There are novelty watches, and then there are pretty interesting novelty watches. Ulysse Nardin always graces us with a multitude of interesting timepieces in addition to those it actually intends on being sales leaders. For a while, Ulysse Nardin was quite keen on taking up the challenge of producing a series of celestial or astronomical themed watches, with many a fascinating result.
Once such model is this Ulysse Nardin Planetarium Nicolaus Copernicus, which achieves the feat of showing a good deal of interesting (albeit incomplete on a modern scale) information. Aside from mere telling of the time, the watch is segmented in several concentric dials that each turn. You should first know that the watch means to represent both Ptolemy’s characterization of an Earth-centric universe along with Copernicus’ helio-centric universe. While Copernicus got it right, both of them calculated the scale of the universe. Along with such early notions of astronomy, the Ulysse Nardin Planetarium Nicolaus Copernicus contains only the seven planets of the ancient world. These included; Earth, the Moon, Mercury, Venus, Mars, Saturn, and Jupiter.
The watch shoes the positions of the planets in relation to both universe representations. In the middle of the watch is the Sun, with the planets flowing out on each concentric dial, with a nice little name placed next to then. This way you can see the planetary movement for Copernicus’ universe. Next, if you look at Earth, you’ll see a series of lines flowing from it. These allow you to use the same representation to calculate the position of the planets in Ptolemy’s universe. Further, the position of the Earth indicates both the month of the year and specific zodiac period that the Earth is in by looking at the outer ring on the watch dial. Lastly, you’ll notice that the Earth itself spins on an axis allowing you to see the moon revolve around the Earth. Very detailed Ulysse Nardin. Regardless, the watch still does not contain each planet. Perhaps Ulysse Nardin thought we would come full circle and do away with Neptune and Uranus, as we did Pluto.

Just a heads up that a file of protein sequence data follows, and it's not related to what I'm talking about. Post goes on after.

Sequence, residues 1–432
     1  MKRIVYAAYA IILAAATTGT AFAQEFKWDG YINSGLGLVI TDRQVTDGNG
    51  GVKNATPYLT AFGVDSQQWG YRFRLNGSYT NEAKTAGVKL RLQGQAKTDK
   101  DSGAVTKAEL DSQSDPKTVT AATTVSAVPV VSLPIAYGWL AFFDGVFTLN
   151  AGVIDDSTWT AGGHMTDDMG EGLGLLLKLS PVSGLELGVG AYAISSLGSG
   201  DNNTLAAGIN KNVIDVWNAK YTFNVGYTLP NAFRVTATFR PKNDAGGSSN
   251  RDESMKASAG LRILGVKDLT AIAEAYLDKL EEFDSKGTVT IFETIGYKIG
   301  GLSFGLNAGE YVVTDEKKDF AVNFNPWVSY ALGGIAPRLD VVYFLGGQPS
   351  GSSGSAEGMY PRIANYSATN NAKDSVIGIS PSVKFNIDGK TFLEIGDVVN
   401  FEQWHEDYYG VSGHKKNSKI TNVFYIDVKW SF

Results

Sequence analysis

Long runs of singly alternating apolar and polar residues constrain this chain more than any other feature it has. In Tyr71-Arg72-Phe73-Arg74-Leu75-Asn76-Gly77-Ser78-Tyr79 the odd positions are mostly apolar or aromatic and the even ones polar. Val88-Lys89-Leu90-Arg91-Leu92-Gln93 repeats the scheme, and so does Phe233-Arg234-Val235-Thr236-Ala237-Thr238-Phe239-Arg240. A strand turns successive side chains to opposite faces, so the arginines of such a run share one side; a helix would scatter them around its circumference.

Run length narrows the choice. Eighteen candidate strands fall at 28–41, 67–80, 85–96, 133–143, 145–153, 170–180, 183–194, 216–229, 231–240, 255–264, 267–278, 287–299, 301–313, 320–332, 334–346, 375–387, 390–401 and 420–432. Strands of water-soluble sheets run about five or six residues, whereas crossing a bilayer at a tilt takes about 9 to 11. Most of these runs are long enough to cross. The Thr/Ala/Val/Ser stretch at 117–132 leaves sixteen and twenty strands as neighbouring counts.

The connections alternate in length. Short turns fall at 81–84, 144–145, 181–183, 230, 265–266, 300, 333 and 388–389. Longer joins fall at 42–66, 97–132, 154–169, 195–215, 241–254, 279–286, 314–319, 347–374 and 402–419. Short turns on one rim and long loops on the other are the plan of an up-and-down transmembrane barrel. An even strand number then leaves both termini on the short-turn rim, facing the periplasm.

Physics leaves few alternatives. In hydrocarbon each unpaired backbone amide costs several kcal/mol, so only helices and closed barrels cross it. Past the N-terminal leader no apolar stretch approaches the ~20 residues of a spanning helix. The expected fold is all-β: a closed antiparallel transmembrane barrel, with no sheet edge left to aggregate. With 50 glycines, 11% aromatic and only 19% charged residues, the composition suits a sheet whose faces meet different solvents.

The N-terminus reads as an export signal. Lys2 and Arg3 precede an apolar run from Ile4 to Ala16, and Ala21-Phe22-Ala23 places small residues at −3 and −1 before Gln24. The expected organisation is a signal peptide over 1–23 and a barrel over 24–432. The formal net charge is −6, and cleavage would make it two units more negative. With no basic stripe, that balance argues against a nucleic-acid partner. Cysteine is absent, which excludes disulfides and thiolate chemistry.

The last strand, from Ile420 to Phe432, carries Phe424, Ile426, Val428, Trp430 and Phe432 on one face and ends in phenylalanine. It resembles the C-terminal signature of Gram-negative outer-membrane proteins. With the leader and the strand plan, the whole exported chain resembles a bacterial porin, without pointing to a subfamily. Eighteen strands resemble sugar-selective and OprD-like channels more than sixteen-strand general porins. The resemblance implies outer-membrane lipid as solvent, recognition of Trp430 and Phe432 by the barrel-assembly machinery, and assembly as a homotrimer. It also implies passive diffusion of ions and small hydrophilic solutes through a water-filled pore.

The watch itself came in two versions. Each with yellow gold cases, but one with actual meteorite used for the dial of the watch. A good taste of the celestial for such a themed watch. The design is fitting for placement in a marble appointed museum, or alike, but the features make for comfortable daily wear. Size of the watch is 40mm. The watch is powered by an automatic in-house Ulysse Nardin movement, and is admirably legible given the amount of features that it has. I’d hate to see this watch run out of power, and the user spend hours trying to reset all the features. More likely, you’d have to send it back to Ulysse Nardin for such labor. There are several other similar watches in the aforementioned celestial themed series of watches made by master watch maker Ulysse Nardin, stay turned for more of them.
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